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In the end, NSA might not need to snoop so secretly

NSA data-collection programs have spawned support and criticism. But in an era when many Americans already know their personal information is being gathered, perhaps being more open about it would help, some say.

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Denise Harwood diagnoses an overheated computer processor at a Google data center in Oregon. These centers are used to store e-mail, photos, video, and so forth.

Connie Zhou/Google/AP/File

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The headquarters of the National Security Agency is a campus of cubelike buildings set in giant parking lots at Fort Meade, Md., about 25 miles northeast of Washington. The complex inhales so many employees every morning that it has its own exit off the Baltimore-Washington Parkway. Curious commuters can't drive up that ramp for a look around, though – it's closed to the public and guarded by security vehicles parked along the road. Access is restricted to those with proper clearance.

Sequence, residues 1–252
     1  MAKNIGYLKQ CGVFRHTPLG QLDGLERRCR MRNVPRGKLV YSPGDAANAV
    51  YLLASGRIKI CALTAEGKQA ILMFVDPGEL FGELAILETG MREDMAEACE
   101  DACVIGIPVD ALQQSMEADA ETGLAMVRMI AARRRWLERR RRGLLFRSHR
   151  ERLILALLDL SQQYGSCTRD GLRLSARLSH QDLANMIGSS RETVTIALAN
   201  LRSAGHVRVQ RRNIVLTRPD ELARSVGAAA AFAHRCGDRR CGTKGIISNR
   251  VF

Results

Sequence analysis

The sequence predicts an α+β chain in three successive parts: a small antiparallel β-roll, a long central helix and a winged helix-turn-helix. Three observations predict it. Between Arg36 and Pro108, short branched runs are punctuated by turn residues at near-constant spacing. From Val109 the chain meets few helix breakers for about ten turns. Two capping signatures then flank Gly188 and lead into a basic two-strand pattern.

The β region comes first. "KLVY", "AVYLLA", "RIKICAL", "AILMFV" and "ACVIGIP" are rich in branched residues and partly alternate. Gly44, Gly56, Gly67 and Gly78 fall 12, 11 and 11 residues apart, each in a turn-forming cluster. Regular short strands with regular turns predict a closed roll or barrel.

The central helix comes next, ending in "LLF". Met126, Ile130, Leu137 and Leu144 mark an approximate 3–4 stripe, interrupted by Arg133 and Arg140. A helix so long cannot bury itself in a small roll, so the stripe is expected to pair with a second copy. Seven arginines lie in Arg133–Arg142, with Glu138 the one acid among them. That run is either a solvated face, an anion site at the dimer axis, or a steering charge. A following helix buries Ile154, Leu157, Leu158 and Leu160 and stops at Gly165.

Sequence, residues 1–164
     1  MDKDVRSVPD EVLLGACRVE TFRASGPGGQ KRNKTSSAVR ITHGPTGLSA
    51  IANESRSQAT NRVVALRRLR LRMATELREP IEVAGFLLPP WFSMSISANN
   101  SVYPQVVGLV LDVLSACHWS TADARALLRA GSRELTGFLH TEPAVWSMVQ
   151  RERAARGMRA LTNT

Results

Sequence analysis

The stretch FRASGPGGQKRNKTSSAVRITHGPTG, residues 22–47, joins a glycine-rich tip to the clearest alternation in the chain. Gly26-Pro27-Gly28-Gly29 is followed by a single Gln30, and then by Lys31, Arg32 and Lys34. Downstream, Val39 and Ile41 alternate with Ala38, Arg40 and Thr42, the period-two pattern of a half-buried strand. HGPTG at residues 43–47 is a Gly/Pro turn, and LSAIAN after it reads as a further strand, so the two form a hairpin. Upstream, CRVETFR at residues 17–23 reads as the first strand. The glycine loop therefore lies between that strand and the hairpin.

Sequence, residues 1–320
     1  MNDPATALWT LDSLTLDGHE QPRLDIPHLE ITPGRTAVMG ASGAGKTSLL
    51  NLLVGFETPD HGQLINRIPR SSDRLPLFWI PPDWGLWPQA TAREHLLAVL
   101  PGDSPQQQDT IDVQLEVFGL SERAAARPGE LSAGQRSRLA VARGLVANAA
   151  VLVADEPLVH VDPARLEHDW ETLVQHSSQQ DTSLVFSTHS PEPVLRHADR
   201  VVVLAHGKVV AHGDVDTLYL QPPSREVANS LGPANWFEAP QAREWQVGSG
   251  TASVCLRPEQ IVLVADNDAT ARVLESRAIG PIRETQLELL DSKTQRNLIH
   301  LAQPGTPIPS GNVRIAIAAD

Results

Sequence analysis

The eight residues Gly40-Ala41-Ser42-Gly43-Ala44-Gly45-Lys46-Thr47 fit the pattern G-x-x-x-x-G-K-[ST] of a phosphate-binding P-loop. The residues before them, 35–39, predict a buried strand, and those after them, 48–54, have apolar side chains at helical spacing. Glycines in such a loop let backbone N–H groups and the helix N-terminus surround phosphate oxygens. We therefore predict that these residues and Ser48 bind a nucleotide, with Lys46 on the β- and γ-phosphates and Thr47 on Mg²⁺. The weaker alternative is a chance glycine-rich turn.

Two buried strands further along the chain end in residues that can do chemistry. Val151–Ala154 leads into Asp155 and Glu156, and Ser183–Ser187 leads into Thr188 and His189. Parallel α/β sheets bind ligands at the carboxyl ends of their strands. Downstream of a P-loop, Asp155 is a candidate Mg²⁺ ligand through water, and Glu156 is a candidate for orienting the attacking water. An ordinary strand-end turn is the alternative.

That's true for pretty much everything associated with the NSA, of course. The electronic espionage agency can be so secretive it makes the CIA seem as talkative as CBS News.

But now the NSA is facing unaccustomed and uncomfortable public scrutiny. Earlier this month, self-described whistle-blower and former NSA contractor Edward Snowden leaked details of agency programs that collect the phone records of millions of Americans and may scoop up a significant amount of their Internet records as well in a bid to track terrorist activity. That has set off a fierce debate about the interplay between national security and privacy in the Digital Age.

 
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